Doug Davis gave what I thought was the best presentation of the conference on “The SF We (Usually Don’t Talk About but) Always See, or Can We Use Science Fiction Genre Theory to Read Canonical Literary Texts?: Reading Flannery O’Connor’s “The Displaced Person.” Doug’s co-panelist Brad Reina presented a different tact on approaching eBooks in his paper: “Electronic Literature in The Diamond Age: Neal Stephenson and the Present and Future of eBooks.” I learned a lot (and took a lot of pictures of slides/names) in the China SF session on Saturday afternoon featuring interesting papers by Hua Li, Cara Healy, Quiong Yang, and Nathaniel Isaacson.
The SFRA Awards Banquet on Saturday night ended what I consider to be a very successful conference. While some of us encountered challenges to reaching Stony Brook on Long Island (the Long Island Rail Road, Newark/JFK/La Guardia Airports, ferries, car rentals, traffic problems), I think that sharing of ideas and the valuable conversations made the difficulties recede far into the background. The warmth of the camaraderie and the welcoming inclusivity at SFRA overcomes any hurdle. Additionally, Stony Brook–a sprawling campus surrounded by trees and populated by bunny rabbits–has a surprisingly science fictional side in some of its buildings’ architectures, including the Charles Wang Center (pictured above) and the Stony Brook University Hospital (pictured below).
After the conference was over, I caught a ride back to Brooklyn with Mack and Sue Hassler and Adam Frisch. We had lunch together after Y joined us at Wilma Jean’s Restaurant. We all squeezed back into the rental car, dropped Adam off at the airport to fly back to Sioux City, and then, Mack, Sue, Y, and I drove to Coney Island to enjoy walking along the boardwalk and sharing each other’s company.
Next year, we will cross the Atlantic Ocean for the forty-seventh conference and meet to discuss “Systems and Knowledge.” Forming a joint event with the Current Research in Speculative Fictions at the University of Liverpool, we will meet on June 27-30, 2016 in Liverpool, England. For me, it will be like going home, and I can’t wait!
Back in 2007, I made a deal with a friend to participate in his fMRI brain scan study at the University of Liverpool in exchange for a copy of the DICOM data from my scan. He agreed to the trade.
Since then, I occasionally pull my scan data off the shelf and dust off the cobwebs and disk errors, and import it into the DICOM Viewer, OsiriX (e.g., as I did in 2009). With the latest versions, I have had a lot of trouble importing the files as they were given to me into OsiriX. Luckily, I saved the installers for earlier versions including the venerable version 3.5.1, which still runs fine on MacOS X Mavericks and Yosemite.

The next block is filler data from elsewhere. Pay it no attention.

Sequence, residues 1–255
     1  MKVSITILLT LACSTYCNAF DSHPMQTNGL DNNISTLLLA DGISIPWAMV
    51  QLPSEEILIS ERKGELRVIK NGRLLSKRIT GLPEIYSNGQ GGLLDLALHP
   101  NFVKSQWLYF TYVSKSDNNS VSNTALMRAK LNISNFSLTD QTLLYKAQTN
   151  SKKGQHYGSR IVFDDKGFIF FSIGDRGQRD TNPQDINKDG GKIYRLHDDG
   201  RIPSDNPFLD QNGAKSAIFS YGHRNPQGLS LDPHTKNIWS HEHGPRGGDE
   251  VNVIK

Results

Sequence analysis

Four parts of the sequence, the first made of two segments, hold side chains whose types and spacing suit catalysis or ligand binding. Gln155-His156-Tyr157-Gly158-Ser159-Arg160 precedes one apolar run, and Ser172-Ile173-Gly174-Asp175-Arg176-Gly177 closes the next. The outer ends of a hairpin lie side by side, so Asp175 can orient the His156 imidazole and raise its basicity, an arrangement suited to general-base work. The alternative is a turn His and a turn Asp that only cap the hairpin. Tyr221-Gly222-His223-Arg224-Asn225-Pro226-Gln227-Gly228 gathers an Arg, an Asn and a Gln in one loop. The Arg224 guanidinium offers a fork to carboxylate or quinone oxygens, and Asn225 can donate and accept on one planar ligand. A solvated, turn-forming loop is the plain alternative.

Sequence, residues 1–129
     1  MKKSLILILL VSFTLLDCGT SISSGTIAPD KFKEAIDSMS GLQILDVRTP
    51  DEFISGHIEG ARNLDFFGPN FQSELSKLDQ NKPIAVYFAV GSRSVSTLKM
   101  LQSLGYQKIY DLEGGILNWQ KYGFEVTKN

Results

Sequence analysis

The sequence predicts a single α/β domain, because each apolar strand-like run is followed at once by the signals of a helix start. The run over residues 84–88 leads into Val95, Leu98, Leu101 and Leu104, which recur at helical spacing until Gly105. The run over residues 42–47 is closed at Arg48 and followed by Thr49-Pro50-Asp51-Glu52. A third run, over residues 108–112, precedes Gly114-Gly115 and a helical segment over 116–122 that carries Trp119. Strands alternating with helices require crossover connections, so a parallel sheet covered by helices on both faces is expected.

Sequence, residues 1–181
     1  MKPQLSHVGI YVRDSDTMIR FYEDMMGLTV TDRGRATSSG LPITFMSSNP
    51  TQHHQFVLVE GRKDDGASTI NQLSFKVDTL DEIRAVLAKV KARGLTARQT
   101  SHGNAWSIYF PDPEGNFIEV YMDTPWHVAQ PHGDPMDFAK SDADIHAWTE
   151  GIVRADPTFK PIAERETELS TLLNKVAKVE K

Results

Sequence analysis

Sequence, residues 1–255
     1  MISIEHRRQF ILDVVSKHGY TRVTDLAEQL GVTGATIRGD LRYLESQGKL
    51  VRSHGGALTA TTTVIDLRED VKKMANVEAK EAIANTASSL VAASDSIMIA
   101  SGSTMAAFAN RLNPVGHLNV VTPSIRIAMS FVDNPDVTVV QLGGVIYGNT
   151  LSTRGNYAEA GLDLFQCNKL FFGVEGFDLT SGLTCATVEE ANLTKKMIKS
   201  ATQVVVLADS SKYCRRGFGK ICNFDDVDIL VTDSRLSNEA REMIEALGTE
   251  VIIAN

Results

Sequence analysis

Using OsiriX’s many features, I created these four videos and an album of images of my 2007 brain. I wonder how it has changed since that time–completing my MA, then PhD, taking a postdoc at Georgia Tech, and now, working at City Tech. Also, I think about the technologies of representation that make it possible for me to see my brain without injury or invasion–OsiriX and unseen software libraries for working with, manipulating, and displaying DICOM data, MacOS X and its technology APIs, my MacBook Pro retina, disk and flash drives, email (how I originally received the scan data), the fMRI machine that I sat in for 30 minutes to an hour, the physical laws behind each technology and the biology of myself, etc. What do you think about when you see my brain represented below?
Draft Video (I had not yet removed all the tissues and bone around the brain)
Since I received my Google Glass last week, I have been learning how to wear and use it. Ultimately, I want to incorporate Glass into my Retrocomputing Lab research workflow. I am interested in the experience of using computer hardware and software (something that I have been interested in for a long time and wrote about as an undergraduate), so Glass will provide a way of capturing some of my phenomenal experience–perspective, vision, and sound. I can provide oral commentary of my haptic and olfactic experiences (yes, computers have unique smells–something that helps store/recall memories and emotions) while also recording thoughts, memories, and asides that enrich my shared video experience. As one component of the digital humanities, I want to create an archive of my raw research of working with computers and their software that others can use, draw inspiration from, or comment on through their own research, writing, and teaching.
For the work that I do in my personal Retrocomputing Lab, I will use Glass as one more tool among a variety of other technologies that enable my research. Glass will add another data layer–itself richly textured and layered with audio/video/Internet/software capabilities–to the research that I do. Due to the ease of sharing images and video in real time, I can immediately make my in-process research available on YouTube, Twitter, and here on dynamicsubspace.net. Furthermore, my research will be useable by others–hobbyists, students, and other researchers in many interdisciplinary fields. Glass will join my non-real time distribution of data on paper, computer written notes (though, I could make these freely viewable in realtime on say, Google Drive), and published research.